Political commentators have picked over the politicians' performances, but how have the increasingly influential comms figures fared?
For an informed assessment, PRWeek turned to outgoing Sunday Times political editor Jonathan Oliver. In this week's feature, the soon-to-be PR man gives a broad thumbs-up to the new set-up in Downing Street. 'In a short space of time the spin operations of the two parties have been fused into one seamless unit,' he notes.
The new Number 10 regime is clearly an improvement on the chaotic comms operation that propagated under Gordon Brown. Insiders agree that the coalition comms team has approached its first 100 days more calmly and more strategically than was normal practice under the last PM.
No longer is there a sense that policy decisions are routinely being influenced by the previous day's headlines. No longer are government departments seeing Number 10 reworking announcements at the last minute. No longer are Downing Street comms staff permanently frazzled as a result of being rudely awoken at 5am and working around the clock.
Of course, there have been a few gimmicks. The journalist in Andy Coulson is still alive and kicking. There have also been gaffes. Michael Gove's false promises of new buildings for several schools was a serious mistake. David Cameron's botched intervention over free school milk was not the finest hour for the Number 10 comms grid. But the mud has not stuck: Downing Street has managed to shut down each of these stories quickly.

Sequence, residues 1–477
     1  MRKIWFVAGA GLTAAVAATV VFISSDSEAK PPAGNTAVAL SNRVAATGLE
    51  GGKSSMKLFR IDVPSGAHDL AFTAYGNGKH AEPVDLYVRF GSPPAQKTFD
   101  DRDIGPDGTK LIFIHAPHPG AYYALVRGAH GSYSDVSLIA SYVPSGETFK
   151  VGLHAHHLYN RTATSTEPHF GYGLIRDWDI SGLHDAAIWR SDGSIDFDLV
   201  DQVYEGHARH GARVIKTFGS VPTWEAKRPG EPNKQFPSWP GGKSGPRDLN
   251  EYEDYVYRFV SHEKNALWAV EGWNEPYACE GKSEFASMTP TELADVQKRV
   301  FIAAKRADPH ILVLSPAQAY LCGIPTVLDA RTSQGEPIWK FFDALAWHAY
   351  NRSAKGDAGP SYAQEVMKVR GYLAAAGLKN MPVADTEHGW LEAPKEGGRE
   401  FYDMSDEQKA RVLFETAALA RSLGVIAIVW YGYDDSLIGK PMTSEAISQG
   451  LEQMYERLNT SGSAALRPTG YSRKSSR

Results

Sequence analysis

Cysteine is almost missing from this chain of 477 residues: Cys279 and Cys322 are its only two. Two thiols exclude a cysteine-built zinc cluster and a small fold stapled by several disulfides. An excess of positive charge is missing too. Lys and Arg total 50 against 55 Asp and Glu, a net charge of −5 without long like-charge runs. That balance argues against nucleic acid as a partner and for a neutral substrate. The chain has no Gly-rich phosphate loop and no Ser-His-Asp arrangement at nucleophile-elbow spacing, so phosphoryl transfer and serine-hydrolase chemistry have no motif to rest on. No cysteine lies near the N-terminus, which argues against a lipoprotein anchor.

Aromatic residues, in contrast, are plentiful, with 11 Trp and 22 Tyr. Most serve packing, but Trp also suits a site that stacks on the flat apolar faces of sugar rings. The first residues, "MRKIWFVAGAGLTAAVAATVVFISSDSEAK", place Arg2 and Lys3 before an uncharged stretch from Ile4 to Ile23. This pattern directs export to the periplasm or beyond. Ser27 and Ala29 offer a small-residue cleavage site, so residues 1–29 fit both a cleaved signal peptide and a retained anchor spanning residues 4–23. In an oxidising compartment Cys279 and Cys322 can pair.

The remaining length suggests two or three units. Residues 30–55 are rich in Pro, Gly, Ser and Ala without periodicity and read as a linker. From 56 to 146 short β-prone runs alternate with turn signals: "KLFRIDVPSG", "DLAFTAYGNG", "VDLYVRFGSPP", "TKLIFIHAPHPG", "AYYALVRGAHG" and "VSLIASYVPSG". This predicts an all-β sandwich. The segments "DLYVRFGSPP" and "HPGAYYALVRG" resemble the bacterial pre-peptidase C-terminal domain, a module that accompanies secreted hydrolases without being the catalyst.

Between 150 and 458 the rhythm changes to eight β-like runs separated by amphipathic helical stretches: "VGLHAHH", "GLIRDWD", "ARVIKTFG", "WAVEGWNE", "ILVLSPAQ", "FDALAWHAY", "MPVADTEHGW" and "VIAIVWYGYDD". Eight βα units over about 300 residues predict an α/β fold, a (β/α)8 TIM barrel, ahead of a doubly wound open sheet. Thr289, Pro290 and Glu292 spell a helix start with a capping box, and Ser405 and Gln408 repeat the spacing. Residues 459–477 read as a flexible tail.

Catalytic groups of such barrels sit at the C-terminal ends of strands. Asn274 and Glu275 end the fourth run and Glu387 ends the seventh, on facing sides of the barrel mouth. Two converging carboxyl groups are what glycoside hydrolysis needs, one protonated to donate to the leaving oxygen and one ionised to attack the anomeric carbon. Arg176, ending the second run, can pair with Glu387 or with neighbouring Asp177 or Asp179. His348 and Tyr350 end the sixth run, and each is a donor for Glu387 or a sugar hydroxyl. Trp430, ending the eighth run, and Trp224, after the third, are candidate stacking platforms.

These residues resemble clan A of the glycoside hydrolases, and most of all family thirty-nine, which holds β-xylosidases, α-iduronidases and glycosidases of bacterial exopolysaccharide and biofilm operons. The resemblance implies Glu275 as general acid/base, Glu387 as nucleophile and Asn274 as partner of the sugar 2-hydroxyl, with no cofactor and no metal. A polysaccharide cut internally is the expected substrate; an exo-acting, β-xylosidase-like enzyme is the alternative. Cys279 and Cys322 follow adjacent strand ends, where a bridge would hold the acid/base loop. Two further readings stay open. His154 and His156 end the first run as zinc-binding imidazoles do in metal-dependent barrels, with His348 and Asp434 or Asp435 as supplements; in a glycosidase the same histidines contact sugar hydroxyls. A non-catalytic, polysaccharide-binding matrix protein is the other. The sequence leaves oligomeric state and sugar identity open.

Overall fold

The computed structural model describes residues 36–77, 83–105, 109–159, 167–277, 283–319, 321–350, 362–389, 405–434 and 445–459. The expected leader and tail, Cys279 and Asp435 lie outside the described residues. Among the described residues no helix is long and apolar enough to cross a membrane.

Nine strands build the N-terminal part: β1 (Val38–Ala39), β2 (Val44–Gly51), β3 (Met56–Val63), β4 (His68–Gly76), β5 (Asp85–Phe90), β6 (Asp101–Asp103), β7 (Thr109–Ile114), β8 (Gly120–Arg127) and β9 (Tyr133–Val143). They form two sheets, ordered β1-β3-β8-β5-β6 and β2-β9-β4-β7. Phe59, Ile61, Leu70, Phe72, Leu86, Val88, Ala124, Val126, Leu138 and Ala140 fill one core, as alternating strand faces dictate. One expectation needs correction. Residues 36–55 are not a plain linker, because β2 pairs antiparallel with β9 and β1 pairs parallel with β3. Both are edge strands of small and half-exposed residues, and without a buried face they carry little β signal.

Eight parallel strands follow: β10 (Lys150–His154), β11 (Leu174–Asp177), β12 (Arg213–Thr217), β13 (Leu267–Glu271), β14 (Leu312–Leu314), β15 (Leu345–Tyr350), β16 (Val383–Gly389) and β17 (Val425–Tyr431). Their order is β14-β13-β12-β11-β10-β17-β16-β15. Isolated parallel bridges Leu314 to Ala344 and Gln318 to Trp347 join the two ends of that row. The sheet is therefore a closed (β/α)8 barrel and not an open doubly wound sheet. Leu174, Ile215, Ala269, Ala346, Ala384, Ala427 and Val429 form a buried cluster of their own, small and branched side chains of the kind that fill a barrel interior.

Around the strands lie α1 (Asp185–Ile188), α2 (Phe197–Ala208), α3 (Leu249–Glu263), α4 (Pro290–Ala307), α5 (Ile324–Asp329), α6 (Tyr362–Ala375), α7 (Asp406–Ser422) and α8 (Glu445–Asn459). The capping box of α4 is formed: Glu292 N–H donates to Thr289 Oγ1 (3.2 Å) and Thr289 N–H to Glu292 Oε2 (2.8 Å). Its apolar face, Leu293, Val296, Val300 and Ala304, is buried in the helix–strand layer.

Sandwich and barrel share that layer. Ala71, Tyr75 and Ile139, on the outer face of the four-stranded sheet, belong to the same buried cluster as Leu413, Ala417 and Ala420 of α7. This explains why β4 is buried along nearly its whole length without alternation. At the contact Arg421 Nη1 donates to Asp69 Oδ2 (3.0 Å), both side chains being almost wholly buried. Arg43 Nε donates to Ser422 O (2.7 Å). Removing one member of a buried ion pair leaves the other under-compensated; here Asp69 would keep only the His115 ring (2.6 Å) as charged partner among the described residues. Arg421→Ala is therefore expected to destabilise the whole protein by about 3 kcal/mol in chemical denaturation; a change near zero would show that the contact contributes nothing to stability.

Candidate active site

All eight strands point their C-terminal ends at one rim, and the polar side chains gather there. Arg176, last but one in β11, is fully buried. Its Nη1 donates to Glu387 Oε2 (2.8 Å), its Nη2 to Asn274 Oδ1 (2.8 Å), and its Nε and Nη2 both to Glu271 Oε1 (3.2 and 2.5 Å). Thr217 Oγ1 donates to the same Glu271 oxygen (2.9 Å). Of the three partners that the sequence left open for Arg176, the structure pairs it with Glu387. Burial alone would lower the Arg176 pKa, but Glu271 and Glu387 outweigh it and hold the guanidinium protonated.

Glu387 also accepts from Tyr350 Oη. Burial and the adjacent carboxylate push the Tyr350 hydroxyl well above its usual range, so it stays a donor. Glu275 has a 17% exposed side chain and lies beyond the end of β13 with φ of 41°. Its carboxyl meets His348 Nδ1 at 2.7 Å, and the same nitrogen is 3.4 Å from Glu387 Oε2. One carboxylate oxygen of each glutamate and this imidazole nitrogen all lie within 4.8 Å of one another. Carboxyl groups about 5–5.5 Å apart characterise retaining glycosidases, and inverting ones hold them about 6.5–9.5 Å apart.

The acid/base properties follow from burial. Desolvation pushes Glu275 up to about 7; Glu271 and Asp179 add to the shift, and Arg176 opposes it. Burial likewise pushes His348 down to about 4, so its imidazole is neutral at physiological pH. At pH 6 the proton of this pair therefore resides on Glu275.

As Brown's comms team would testify, such mishaps only become running stories if a government does not have a coherent, alternative message to sell. Under the last PM, this was never achieved. In the void, every gaffe appeared indicative of a wider character trait.
Under David Cameron and Nick Clegg, the two key messages are the case for cuts and 'we are all working together'. With no huge rifts yet, the second message is still largely intact, but there is growing anxiety about the first in government circles.
This week, George Osborne sought to present the cuts as 'progressive'. The change of rhetoric is significant - it shows that Downing Street realises the message needs to be finessed.